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New Book Explores Forces That Shaped California’s Coast

California's San Andreas Fault seen in this undated photo by USGS.

Credit: USGS

Above: California's San Andreas Fault seen in this undated photo by USGS.

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Cover of book, "Surf, Sand, and Stone: How Waves, Earthquakes and Other Forces Shape the Southern California Coast" by Keith Heyer Meldahl.

Learning about the elements that have shaped geologic environment in Southern California gives people clues to how the landscape is changing now and how it may be vulnerable to an extended drought or strong drought or strong El Niño.

A new book by a Mira Costa College geology professor shows it doesn't take a mega-quake to reshape the geography. Research shows thousands of tiny quakes occur daily,and they provide the deep underground pressures that are constantly moving and changing the earth.

This is just one of the points made by Keith Heyer Meldahl in his book, "Surf, Sand, and Stone: How Waves, Earthquakes, and Other Forces Shape the Southern California Coast.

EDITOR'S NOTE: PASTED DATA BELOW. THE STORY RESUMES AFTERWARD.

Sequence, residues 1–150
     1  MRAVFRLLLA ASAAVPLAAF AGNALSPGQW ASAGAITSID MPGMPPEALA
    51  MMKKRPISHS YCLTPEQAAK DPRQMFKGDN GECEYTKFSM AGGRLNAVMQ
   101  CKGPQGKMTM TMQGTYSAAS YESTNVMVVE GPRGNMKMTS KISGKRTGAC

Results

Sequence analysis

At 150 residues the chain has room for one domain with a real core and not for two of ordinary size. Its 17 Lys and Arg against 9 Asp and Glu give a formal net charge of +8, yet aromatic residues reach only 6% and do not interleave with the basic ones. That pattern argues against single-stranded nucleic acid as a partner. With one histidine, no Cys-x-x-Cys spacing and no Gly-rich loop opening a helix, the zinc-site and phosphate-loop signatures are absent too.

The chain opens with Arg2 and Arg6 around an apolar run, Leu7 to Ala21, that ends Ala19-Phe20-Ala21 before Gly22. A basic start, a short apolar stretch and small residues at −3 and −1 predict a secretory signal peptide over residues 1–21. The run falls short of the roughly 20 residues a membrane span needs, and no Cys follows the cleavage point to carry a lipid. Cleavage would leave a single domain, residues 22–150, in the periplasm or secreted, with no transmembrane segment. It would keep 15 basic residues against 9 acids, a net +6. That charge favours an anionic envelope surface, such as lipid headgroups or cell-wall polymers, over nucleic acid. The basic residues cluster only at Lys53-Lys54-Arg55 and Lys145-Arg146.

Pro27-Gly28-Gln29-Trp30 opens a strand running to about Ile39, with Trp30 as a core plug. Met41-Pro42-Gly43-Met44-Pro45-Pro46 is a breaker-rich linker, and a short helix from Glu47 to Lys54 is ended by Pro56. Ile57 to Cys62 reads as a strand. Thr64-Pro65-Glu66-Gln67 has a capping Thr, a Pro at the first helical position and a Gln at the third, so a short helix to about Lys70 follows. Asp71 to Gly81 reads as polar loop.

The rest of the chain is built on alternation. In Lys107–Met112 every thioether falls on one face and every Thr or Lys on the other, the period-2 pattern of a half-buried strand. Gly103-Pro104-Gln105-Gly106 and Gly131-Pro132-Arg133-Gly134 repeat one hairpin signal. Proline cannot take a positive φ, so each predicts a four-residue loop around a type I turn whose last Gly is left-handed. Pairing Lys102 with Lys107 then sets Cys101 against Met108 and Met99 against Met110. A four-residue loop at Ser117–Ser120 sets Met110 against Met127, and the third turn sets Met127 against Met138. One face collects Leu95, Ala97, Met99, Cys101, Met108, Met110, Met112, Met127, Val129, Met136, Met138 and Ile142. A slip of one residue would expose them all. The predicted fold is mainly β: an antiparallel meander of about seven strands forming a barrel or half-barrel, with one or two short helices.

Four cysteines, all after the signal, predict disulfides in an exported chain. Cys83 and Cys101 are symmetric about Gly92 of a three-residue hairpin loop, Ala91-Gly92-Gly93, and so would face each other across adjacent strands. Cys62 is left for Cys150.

Meldahl told KPBS Midday Edition on Tuesday that the rising sea level will change California’s beaches.

Centuries ago a person would’ve had to walk another 100 feet to get to the bluffs of La Jolla Cove, he said.

“The sea has been chopping away the land by a large amount,” Meldahl said. “We throw a bunch of homes and businesses at the edge and cement. We’re only postponing the inevitable.”

He said the sea rose by about seven inches in the last century, and he expects it to rise another two to three feet by 2100.

“We’ve got a problem of shrinking beaches and rising seas,” Meldahl said.

He also warned of the impacts of the coming El Niño.

“The amount of erosion on our beaches is going to be significant again,” he said.

Evening Edition Host Peggy Pico speaks with Keith Heyer Meldahl, author of "Surf, Sand, And Stone: How Waves, Earthquakes, and Other Forces Shape the Southern California Coast," about California's coastal environment.

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